3 Easy SEO Fixes

There are over 200 individual ranking factors that affect how your website appears in Google’s organic search listings. No matter how you look at it, search engine optimisation is complicated.

To make matters worse, unlike Google AdWords or Facebook advertising, there is no rule book. You can’t call up your account manager from Google or Facebook to ask them on some tips to increase your click-through rate (CTR) and improve your advertising ROI.

Given that Google made $116 Billion USD from advertising revenue in 2018, it is in their best interest to make SEO complicated so that businesses spend money to advertise their goods and services.

Producing engaging, well-researched content is just one aspect of search engine optimisation. In fact, although it takes a lot of time, it’s also one of the most enjoyable and rewarding aspects of SEO. There is always a tangible, visible result from your efforts.

Search engine optimisation also involves a lot of housekeeping. While it may not be that exciting, making an effort to improve the technical SEO of your website can make a huge difference. When the fundamentals (technical SEO) are taken care of, we tend to see better results from the rest of our SEO efforts.

Here are 3 SEO fixes that will improve your search engine performance.

1.Fix Broken Links

The danger or broken links is extensively covered by SEOs. They have been known to confuse search robots and exhaust your websites crawl budget. Not only are they bad from a technical SEO perspective, they also contribute to a poor user experience which can cause users to seek information elsewhere.

Finding and updating broken links is an ongoing aspect of SEO. As long as you are using links in your content (and you should be), you need to be regularly checking for broken links.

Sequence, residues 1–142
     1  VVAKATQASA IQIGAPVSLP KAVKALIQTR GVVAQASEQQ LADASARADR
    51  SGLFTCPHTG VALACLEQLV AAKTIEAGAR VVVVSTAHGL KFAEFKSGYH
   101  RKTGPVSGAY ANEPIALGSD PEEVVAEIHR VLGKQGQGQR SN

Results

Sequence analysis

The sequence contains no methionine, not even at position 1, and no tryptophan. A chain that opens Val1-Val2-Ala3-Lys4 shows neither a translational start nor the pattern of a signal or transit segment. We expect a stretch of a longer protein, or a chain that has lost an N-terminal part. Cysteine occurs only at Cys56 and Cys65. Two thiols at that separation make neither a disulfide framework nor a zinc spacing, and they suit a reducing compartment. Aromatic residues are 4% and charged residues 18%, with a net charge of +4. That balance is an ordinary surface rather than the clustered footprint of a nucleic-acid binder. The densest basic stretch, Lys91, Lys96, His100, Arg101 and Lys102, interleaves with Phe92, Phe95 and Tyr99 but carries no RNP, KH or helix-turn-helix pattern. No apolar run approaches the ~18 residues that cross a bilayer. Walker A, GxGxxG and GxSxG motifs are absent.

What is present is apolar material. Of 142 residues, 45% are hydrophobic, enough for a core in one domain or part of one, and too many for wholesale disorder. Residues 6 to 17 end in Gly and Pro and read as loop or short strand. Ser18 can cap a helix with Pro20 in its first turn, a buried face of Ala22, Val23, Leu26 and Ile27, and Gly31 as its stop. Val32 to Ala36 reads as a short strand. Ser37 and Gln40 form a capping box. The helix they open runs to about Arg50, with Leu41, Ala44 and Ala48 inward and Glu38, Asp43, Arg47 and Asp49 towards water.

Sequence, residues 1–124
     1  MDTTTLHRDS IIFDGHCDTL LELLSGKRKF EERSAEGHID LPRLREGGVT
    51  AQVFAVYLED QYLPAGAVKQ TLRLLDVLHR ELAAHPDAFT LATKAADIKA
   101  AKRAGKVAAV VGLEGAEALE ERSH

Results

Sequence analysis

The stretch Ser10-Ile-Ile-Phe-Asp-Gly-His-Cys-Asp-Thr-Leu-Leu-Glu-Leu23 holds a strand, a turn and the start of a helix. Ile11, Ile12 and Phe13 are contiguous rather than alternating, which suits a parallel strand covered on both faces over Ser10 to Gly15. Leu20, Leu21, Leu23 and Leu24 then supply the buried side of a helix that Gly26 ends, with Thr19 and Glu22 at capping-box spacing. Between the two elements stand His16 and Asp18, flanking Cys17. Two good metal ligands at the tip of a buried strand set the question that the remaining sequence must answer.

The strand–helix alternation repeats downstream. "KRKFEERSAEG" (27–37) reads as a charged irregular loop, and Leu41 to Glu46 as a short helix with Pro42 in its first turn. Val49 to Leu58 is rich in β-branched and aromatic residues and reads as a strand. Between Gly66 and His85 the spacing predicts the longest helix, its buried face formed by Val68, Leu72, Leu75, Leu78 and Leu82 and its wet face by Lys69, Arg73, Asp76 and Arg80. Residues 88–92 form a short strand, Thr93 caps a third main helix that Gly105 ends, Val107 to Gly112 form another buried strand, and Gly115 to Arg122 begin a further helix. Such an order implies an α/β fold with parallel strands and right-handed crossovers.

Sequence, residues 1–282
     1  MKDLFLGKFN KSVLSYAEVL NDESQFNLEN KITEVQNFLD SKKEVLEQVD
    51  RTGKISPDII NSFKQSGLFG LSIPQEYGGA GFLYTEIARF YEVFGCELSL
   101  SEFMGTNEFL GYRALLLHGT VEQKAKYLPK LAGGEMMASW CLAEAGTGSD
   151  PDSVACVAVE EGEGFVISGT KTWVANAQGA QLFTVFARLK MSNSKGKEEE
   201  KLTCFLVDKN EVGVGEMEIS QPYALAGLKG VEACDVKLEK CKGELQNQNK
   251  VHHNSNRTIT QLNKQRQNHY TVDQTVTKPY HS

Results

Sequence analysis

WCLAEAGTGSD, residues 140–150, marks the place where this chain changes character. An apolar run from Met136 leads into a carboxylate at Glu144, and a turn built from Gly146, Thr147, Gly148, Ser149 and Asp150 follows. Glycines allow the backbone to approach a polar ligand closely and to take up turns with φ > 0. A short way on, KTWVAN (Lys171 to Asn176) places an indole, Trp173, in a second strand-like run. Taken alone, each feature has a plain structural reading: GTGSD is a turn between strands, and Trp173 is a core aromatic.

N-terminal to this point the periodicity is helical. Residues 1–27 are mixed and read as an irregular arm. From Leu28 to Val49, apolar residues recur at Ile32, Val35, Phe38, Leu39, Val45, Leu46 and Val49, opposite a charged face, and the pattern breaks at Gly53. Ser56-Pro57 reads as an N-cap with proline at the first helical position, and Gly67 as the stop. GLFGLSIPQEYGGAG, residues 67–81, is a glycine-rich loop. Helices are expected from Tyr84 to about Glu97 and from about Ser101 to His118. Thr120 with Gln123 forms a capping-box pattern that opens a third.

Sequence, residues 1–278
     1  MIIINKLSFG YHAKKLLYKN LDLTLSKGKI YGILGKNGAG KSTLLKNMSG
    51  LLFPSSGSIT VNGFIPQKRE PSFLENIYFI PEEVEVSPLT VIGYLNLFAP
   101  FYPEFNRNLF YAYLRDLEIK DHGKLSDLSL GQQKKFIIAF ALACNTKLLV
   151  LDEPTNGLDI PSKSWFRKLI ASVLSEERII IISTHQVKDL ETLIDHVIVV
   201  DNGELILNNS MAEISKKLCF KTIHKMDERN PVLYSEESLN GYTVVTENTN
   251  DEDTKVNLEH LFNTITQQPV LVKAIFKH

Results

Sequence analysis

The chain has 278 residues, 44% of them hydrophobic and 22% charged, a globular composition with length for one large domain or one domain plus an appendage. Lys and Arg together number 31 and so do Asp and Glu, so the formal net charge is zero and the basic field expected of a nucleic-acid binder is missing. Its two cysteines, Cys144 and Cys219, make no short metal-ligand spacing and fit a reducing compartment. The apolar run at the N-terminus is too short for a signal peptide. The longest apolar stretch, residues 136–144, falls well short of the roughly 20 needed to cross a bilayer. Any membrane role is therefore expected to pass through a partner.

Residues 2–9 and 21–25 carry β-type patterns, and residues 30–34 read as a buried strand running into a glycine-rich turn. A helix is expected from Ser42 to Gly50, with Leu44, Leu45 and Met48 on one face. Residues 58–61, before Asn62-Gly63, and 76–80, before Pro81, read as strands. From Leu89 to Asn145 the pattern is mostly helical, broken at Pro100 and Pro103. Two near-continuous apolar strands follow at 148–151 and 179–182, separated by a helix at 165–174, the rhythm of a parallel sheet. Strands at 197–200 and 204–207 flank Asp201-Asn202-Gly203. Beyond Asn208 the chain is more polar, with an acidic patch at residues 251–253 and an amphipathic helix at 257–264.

There are a number of reasons why a link might be broken. Some of the most common causes include:

  • An incorrect URL was entered

  • The destination website has since removed the web page with no redirect in place

  • The destination website has permanently moved or shut down

  • The link is on an internal page which has since been deleted or moved

  • The user is behind a firewall that blocks access to the destination website

Broken are problematic for website visitors because they inhibit access to the desired web page or referring piece of content. Users may decide to leave the website and seek the information elsewhere, leading to a higher bounce rate and poor user experience. Typically, sites which have not been updated or checked for links for a long time may be plagued with broken links.

2. Write Compelling Meta Descriptions

A meta description is an HTML attribute that provides a summary of the contents of a web page. Google (and other search engines) will display the meta descriptions on search engine results pages to inform users about what to expect on a web page.

Google announced way back in 2009 that meta descriptions do not factor into their ranking algorithm – this has not changed. Meta descriptions do not impact ratings.